Residential Mortgages

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What is an Escrow Account?
Escrow accounts are generally required and controlled by a mortgage lender to guarantee that a homeowner is able to budget, on a monthly basis, the additional costs associated with owning a home. Typically, these expenses include, but are not limited to, property taxes, homeowners insurance, flood and optional insurance, as well as private mortgage insurance (PMI). An escrow account provides a convenient, no-hassle service by allowing Valley National Bank to pay your tax bills and insurance premiums for you. Escrow accounts protect both Valley, and our customers.

What is an Escrow Analysis?
Every year an escrow analysis is performed on your escrow account. This is an examination of your account to determine if the current monthly deposits will provide sufficient funds to pay your taxes and insurance for the next full year, as well as provide the appropriate cushion. The escrow analysis identifies any overages, shortages, or deficiencies that exist at the time the analysis is performed, and adjusts the total monthly payment accordingly.

How is my escrow payment calculated? Can Valley National Bank make any adjustments?
The escrow payment is calculated as required by the Real Estate Settlement and Procedures Act (RESPA). Valley estimates the amount we will have to pay over the next 12 months for your real estate tax and homeowner?s insurance bills. We base this estimate on information from your loan closing documents, your taxing authority and insurance company, or your previous tax and insurance bills. However, if the annual amount has changed for any escrowed item reflected on the statement, the bank may perform a new escrow analysis to correct your monthly escrow payment. If these costs have changed, please notify Valley National Bank at 1-800-526-9098.

Why did my payment change?
The annual amount required to fund your escrow account depends on the amounts that your insurance company and taxing authority office invoices Valley National Bank. Since these amounts may change, the escrow payment may also change. Please see your escrow analysis for more information.

What is a shortage?
Escrow shortages occur when your real estate taxes or insurance premiums increase, or turn out to be higher than originally projected at loan closing. If this occurs, there will be a shortage in your escrow account, and additional funds must be collected to satisfy the shortage.

How do I pay my shortage?
If the shortage is greater than one monthly escrow installment, Valley will collect the amount over a 12 month period. If the shortage is less than one monthly escrow installment, Valley will collect the amount over one month.

You may also choose to pay the shortage in full by sending the required payment amount (clearly identified as a shortage payment) separately or with your current required monthly mortgage payment. You may also pay by telephone by calling Valley's customer service department using the number listed on your statement. (A fee may apply for telephone payments.)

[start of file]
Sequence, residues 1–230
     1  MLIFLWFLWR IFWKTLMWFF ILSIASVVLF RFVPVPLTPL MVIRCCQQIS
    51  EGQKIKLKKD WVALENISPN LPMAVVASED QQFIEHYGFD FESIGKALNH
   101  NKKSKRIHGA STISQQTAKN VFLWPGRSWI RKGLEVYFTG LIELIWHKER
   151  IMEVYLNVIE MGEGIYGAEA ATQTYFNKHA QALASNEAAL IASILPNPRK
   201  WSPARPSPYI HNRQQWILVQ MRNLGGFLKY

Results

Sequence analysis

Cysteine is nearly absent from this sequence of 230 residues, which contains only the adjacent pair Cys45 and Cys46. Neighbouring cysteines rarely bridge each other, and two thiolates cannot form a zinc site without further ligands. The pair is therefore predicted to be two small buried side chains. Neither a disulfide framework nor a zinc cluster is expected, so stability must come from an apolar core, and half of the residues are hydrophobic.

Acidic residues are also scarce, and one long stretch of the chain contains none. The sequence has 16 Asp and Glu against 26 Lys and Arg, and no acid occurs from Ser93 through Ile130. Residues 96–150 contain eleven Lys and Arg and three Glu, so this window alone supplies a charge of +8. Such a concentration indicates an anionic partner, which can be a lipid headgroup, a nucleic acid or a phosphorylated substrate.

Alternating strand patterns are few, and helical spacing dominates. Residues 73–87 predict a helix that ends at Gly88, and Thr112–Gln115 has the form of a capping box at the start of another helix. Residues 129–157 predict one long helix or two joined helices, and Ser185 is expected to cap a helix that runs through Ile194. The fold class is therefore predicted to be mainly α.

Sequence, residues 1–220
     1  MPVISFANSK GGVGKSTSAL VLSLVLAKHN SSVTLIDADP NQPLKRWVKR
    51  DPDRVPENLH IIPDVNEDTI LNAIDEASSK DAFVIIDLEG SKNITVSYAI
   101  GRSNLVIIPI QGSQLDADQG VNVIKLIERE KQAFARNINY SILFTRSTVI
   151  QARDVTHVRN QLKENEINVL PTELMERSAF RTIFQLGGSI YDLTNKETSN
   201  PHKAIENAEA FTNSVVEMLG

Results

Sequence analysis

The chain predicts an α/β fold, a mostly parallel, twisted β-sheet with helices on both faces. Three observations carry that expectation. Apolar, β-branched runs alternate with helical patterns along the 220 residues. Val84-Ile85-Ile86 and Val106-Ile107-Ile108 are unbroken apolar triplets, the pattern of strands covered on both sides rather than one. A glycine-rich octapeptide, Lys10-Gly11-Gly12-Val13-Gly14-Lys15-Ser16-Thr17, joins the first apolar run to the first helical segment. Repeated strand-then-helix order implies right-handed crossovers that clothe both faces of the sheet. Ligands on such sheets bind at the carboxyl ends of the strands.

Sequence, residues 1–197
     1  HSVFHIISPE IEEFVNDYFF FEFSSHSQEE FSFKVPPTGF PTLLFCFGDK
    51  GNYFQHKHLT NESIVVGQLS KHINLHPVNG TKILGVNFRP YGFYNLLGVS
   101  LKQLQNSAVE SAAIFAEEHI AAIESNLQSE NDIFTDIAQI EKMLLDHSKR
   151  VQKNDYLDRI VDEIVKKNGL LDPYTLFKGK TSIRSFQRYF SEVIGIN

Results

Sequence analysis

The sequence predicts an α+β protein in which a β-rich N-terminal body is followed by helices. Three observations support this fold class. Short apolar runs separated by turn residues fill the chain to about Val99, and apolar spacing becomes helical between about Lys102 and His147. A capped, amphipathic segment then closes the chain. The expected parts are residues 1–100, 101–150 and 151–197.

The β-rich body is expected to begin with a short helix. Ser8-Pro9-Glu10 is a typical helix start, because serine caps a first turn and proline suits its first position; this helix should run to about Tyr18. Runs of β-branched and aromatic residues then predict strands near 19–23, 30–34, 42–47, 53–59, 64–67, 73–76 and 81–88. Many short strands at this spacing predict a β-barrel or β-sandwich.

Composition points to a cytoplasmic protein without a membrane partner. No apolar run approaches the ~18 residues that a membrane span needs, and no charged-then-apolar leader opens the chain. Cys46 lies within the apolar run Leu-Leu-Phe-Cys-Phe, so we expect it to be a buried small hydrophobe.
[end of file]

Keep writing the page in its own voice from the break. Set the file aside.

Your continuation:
Will my escrow payment amount remain the same if I pay my shortage in full?
Even if you pay your shortage in full, your monthly escrow payment will still change if your annual real estate taxes or insurance premiums change.

What is a surplus?
If your real estate taxes or insurance premiums are less than the projected amounts, it could result in a surplus in your escrow account. This means that your escrow account has more funds than will be needed to pay your escrowed items over the coming year, including the cushion. You will be reimbursed the entire amount if the surplus is $50.00 or more. A surplus under $50.00 will be placed into your escrow account and your monthly escrow payment will be reduced accordingly.

What is a deficiency?
If the actual, final escrow balance is negative, it is called a deficiency. Both a shortage and a deficiency will increase your monthly escrow payment unless you choose to pay these amounts in full immediately.

How do I pay my deficiency?
If the deficiency is greater than one monthly escrow installment, Valley will collect the amount over two months. If the deficiency is less than one monthly escrow installment, Valley will collect the amount over one month.

What does cushion mean?
The cushion is the amount of money that a mortgage lender requires a borrower to pay into an escrow account to cover unexpected disbursements for escrow items, or for disbursements that have to be made before the monthly escrow payments are available in the escrow account. The cushion for your account is shown as the ?REQUIRED LOW BALANCE? on your annual Mortgage Escrow Account Statement. The amount of your cushion is governed by applicable law and the terms of your mortgage loan.

When I closed my loan I paid real estate taxes and insurance as part of my closing costs. Why are you collecting funds for bills I already paid?
The tax or insurance payments you made at closing were for required disbursements that were due immediately after closing, or to fund the initial required amounts for your escrow account. We continue to collect funds in your escrow account to cover future real estate taxes and insurance premiums when they are due.

What can I do to keep my escrow payment from increasing?
You should review your annual real estate tax assessment and discuss any concerns or discrepancies with your local taxing authority. You may qualify for exemptions that you are not aware of. You may also consider obtaining competitive quotes for homeowner?s insurance to ensure you are receiving the best premium for the amount of your coverage.

What if I have questions about my monthly mortgage payment?
Please contact Valley National Bank Mortgage Servicing at 1-800-526-9098, Monday through Friday, 8:30 AM ? 4:30 PM EST.

Guide to Understanding your Mortgage Escrow Account Statement